Can you leave your kids in the car while you get petrol?
Leaving the kids alone in the car at a petrol station is often a contentious topic, with much of the community divided in their opinions and not afraid to criticise those who take the other side, as we recently discovered when trying to gather anecdotal information for this post on our Facebook page.
What we found were that those in favour of taking their kids with them were often being judged as overprotective ‘helicopter parents’, yet those who left their kids in the car often felt that they were the ones looking out for the best safety of their children. Add to that the fact that most authorities recommend keeping your children with you, while service attendants inform us that 99% of their customers leave their kids in the car and that the service stations tend to be set up with the pumps in clear site and a fast transaction process in order to make this a reasonable option.
So which side, if any, is right? What does the law have to say? We take a look at the facts and the reality of this situation to help clear things up.
Leaving kids in the car — the debate
Here are the most common arguments we uncovered in the debate over whether to leave the kids or take them with you:
Taking the kids with you:
- The child would be exposed to fumes
- The child could be at risk of being hit by one of the many cars around
- The child could get lost or be kidnapped by a stranger
Leaving the kids in the car:
- The car could become too hot, endangering the health and life of the child
- The car could be stolen
- The car could be crashed into by another vehicle
- The child could choke or face other dangers without anyone there to help
- The child could be kidnapped from the car
- The child could release the hand brake or start the vehicle, causing an accident
- The adult could face something that causes them to be away for longer than intended
Leaving kids in the car — the facts
In Queensland, there are several laws that relate to leaving kids unattended and keeping kids safe. The main ones are as follows (paraphrased and summarised but full details can be found here):
Leaving a child under 12 unattended A child under 12 years should not be left for an unreasonable time without making reasonable provision for the supervision and care of the child (whether the time is unreasonable depends on all the relevant circumstances). [See Section 364A, Criminal Code Act 1899]
Duty of person who has care of child Every person who has care of a child under 16 years has a duty to provide the necessaries of life for the child; to take reasonable precautions to avoid danger to the child’s life, health or safety; to take reasonable action to remove the child from any such danger; and to not omit to perform a duty that may result in consequences to the life and health of the child. [See Section 286, Criminal Code Act 1899]
Endangering life of children by exposure A child under 7 years must not be unlawfully abandoned or exposed whereby their life or health is, or is likely, to be endangered, or the child is likely to be permanently injured. [See Section 326, Criminal Code Act 1899]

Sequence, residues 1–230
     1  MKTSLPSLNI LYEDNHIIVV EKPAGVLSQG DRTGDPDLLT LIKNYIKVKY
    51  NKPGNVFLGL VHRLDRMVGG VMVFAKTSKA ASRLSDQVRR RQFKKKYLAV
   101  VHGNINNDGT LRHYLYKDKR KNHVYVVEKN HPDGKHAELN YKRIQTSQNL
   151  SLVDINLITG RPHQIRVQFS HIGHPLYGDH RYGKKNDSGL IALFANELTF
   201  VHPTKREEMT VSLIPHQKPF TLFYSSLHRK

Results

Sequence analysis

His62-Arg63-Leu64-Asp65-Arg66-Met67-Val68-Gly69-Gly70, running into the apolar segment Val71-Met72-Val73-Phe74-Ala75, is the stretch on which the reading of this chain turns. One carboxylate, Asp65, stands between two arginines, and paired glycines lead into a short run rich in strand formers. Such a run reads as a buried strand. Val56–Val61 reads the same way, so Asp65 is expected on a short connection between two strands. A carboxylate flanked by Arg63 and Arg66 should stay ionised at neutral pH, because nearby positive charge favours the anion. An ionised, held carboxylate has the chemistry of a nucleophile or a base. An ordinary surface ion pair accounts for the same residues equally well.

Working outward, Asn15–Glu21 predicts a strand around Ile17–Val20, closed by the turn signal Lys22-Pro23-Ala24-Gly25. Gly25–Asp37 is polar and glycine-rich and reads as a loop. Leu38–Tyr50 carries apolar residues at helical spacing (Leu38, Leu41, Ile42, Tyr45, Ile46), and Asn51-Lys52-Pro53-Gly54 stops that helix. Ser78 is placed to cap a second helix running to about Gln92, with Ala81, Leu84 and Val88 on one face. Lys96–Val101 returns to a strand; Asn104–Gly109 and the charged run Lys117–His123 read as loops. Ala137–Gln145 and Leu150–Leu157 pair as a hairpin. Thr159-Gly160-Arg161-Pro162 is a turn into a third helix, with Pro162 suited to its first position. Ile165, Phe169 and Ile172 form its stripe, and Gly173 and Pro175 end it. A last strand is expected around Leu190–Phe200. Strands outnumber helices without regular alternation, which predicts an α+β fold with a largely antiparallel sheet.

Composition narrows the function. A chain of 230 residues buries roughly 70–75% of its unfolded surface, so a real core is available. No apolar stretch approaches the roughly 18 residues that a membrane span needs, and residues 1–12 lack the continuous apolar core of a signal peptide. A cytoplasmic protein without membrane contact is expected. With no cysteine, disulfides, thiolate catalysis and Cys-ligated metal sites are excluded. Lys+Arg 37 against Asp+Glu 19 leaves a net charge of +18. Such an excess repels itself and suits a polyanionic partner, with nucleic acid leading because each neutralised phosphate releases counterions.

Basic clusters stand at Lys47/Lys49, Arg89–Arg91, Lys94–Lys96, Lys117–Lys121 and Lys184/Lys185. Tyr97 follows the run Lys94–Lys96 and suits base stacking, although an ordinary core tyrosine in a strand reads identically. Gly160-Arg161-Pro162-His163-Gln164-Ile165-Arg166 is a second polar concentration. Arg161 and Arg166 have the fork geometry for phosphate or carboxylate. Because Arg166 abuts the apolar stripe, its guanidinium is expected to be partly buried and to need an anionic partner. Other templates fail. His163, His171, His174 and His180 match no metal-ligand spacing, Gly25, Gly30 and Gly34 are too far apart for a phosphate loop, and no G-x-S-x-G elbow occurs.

There are also Queensland road rules relating to making sure a vehicle is secure when you leave it. These include:
Making a motor vehicle secure Before leaving the vehicle, the driver must: Apply the vehicle’s parking brake effectively; switch off the engine if the driver will be more than 3m from the closest part of the vehicle; and remove the ignition key if there is no-one 16 years or older remaining in the vehicle. [See Section 213, Transport Operations (Road Use Management) Act 1995]
Leaving kids in the car — the reality
In reality, this generally means that neither side in this ongoing debate is always either right or wrong. What it means is that there are variables in each situation that determine whether or not it is reasonable or acceptable to leave a child alone in a car while filling up with petrol or going to pay inside a service station. So, to a large extent, it is up to the parent or guardian to judge the circumstances and the best safety of their child. However, in taking on that onus, parents or guardians must make sure that they are well-informed on all the considerations that might affect their decision.
Leaving kids in the car — the considerations
Since the legality of leaving kids alone in cars is subject to the particular circumstances, it is advisable that we consider these variables EACH time we get to a petrol station, rather than having one fixed idea of what is right or wrong. Considerations we can take into account include:
> How hot or cold the day is (bearing in mind that heat levels in Brisbane can reach unsafe levels within a car in a matter of just minutes, regardless of whether the windows are open or the car is in shade — see the RACQ Temperatures in Cars Survey for full and enlightening details)
> How long you will be away from the car for
> How old the kids are
> Whether the car will be in full view at all times
> Whether the kids have any health issues
> Whether the kids are happy and calm or distressed or fighting
> Whether the kids can get out of their restraints and/or out of the car
> Whether there are any dangers within the car that the kids may be exposed to, e.g. choking hazards
> Whether the kids have everything they may need in order to keep them unharmed and healthy, e.g. asthma inhaler
> Whether you have put the parking brake on, switched the engine off and taken the keys with you
> The proximity of other cars and people and whether they could be considered to pose a threat
Perhaps if we can appreciate that there is no constant right or wrong in this matter, we can make a carefully considered choice each time for our own children, and we can stop judging others for their decisions if they are truly doing the same.